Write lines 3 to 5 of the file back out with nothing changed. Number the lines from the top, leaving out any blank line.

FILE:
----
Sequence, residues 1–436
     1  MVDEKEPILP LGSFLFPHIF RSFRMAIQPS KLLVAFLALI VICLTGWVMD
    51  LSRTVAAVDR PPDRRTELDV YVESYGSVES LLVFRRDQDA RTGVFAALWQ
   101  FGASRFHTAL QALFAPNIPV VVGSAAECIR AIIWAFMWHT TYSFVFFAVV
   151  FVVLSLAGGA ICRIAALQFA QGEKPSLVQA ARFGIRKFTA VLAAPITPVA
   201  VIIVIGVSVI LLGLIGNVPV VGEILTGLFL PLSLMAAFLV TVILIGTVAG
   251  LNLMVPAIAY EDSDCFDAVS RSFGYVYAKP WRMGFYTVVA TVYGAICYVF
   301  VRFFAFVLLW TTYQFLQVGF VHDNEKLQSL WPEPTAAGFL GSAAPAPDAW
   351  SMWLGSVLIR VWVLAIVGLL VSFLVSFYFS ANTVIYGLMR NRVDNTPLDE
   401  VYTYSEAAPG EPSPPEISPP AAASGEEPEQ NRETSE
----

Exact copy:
    51  LSRTVAAVDR PPDRRTELDV YVESYGSVES LLVFRRDQDA RTGVFAALWQ
   101  FGASRFHTAL QALFAPNIPV VVGSAAECIR AIIWAFMWHT TYSFVFFAVV
   151  FVVLSLAGGA ICRIAALQFA QGEKPSLVQA ARFGIRKFTA VLAAPITPVA